Background: The development of coagulopathy associated with trauma is a complex process that involves a combination of many factors. It is important to be able to model experimental trauma-related coagulopathy to explore preventative and therapeutic strategies, and numerous models of traumatic coagulopathy have been explored. This systematic review assessed the primary question "What are relevant experimental models with which to study early traumatic coagulopathy?" and secondary questions on mechanisms. Methods: The author group reviewed 695 abstracts that resulted in 36 articles being fully reviewed by the group. The group identified 12 key studies (grade A) addressing the primary question. A further 10 articles were thought to be relevant but less important (grade B). Eight articles were considered worthwhile publications but not as relevant to the query (grade C), and six articles were considered not relevant after detailed review (grade D). Results: This structured literature review demonstrated a lack of relevant models for human traumatic coagulopathy. We identify challenges in modeling traumatic coagulopathy and limitations to current experimental models and include a proposal for features of an "ideal"model of traumatic coagulopathy, but recognize that this involves major challenges. Conclusions: Models of traumatic coagulopathy need to more closely resemble human physiology and real-life conditions if they are to influence clinical practice.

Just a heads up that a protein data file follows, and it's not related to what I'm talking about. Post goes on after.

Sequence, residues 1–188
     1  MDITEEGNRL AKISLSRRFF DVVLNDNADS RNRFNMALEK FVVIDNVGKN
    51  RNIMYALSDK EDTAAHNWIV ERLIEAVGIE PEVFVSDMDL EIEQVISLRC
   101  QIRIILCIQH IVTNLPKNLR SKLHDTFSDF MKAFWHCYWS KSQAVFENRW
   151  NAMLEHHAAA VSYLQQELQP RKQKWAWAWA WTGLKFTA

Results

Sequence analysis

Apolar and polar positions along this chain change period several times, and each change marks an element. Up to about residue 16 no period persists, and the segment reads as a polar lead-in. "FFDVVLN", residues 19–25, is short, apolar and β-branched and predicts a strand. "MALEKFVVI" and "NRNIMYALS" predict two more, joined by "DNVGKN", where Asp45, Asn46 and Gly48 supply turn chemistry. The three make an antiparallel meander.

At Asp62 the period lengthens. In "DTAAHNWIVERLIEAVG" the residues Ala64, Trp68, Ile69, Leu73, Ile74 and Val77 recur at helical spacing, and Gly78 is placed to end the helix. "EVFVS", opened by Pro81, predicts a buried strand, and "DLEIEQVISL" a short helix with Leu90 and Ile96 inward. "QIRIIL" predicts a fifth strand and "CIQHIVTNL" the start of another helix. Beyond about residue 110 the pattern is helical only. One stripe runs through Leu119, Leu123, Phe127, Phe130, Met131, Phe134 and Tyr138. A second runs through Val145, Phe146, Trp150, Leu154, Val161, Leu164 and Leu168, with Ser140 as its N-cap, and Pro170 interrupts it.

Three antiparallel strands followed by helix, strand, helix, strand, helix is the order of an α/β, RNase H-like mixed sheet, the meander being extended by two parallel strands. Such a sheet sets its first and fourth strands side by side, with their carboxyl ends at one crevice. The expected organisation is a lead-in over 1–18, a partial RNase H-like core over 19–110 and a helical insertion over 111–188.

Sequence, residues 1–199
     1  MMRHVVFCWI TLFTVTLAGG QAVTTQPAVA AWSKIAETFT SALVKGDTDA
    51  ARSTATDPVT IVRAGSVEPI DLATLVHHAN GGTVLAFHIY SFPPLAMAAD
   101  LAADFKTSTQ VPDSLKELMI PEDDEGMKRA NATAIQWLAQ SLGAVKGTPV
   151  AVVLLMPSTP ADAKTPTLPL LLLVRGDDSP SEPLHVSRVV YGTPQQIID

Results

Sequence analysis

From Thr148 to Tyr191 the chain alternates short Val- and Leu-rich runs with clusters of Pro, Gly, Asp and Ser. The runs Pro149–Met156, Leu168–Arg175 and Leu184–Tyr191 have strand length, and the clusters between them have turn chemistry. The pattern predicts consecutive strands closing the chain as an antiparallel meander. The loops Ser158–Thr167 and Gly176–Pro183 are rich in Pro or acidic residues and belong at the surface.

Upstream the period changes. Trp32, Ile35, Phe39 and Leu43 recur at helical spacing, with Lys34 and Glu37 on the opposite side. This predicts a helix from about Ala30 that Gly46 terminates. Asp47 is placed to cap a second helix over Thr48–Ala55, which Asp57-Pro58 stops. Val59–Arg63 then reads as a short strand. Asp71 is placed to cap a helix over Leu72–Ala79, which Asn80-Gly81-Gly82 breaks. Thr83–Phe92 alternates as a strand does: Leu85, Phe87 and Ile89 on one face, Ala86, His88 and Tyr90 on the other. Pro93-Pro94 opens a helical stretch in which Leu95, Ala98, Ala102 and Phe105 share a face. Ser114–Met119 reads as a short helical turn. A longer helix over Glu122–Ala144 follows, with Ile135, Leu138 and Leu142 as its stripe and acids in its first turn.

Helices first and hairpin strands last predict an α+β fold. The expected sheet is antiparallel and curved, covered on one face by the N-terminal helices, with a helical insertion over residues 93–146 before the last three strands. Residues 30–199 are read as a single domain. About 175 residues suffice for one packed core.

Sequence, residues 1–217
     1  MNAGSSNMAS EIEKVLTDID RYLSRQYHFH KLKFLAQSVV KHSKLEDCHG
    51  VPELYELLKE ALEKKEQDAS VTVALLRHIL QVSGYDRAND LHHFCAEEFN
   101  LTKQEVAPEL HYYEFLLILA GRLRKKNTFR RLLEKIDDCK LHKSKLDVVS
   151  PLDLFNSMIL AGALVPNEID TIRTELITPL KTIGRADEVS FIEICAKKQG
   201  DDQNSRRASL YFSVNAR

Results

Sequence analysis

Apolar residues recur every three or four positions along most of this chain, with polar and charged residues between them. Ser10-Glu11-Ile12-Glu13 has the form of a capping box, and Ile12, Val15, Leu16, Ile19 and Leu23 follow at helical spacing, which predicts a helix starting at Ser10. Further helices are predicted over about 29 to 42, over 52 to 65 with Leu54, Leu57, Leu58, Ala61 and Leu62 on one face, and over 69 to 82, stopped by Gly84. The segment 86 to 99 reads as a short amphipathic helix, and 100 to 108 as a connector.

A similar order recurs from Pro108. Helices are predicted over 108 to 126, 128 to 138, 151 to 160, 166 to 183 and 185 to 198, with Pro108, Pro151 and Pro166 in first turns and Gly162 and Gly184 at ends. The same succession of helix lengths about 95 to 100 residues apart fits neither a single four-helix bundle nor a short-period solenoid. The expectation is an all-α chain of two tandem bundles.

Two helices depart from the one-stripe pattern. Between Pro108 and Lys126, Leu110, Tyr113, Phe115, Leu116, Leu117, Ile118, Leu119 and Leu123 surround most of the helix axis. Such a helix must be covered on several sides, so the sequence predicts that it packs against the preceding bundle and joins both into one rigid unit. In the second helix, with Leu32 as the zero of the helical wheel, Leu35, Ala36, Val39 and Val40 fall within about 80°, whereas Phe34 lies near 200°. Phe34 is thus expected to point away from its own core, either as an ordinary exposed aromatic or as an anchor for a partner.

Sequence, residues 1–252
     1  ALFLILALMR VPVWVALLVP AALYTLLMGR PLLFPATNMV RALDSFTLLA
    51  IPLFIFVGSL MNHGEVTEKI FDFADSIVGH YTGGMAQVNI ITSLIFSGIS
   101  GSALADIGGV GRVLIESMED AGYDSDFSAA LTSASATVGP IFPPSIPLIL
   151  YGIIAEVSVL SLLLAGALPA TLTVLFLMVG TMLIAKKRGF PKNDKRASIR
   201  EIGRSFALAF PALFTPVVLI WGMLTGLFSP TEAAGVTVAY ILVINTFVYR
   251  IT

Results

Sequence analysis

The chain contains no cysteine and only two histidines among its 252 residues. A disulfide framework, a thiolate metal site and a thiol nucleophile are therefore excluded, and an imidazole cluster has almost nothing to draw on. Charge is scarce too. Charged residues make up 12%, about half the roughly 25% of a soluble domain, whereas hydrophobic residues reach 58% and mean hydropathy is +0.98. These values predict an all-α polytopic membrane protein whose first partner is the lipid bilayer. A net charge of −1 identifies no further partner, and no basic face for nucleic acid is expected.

|Number of pages||6|
|Journal||Journal of Trauma - Injury, Infection and Critical Care|
|Publication status||Published - 1 Oct 2008|
- Experimental models